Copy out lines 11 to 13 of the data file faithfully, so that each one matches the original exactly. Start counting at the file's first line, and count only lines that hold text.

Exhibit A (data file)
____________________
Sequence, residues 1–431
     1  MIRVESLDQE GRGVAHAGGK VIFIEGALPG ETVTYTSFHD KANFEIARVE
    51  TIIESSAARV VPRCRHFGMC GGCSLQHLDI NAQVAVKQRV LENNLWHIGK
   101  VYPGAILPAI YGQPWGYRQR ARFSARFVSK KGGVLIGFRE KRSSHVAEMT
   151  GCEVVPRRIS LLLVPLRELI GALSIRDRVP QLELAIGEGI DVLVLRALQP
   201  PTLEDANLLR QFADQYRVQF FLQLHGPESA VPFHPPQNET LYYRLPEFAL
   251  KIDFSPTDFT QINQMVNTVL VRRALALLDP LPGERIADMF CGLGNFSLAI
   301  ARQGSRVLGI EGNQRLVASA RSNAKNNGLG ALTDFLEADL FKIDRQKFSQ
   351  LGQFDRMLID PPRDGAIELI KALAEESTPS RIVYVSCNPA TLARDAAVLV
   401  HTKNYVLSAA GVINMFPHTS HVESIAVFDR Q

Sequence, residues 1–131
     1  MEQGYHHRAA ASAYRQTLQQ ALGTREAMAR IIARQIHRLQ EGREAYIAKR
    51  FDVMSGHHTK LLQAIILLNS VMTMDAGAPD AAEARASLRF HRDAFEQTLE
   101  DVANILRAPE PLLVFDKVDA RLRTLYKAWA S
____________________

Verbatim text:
Sequence, residues 1–131
     1  MEQGYHHRAA ASAYRQTLQQ ALGTREAMAR IIARQIHRLQ EGREAYIAKR
    51  FDVMSGHHTK LLQAIILLNS VMTMDAGAPD AAEARASLRF HRDAFEQTLE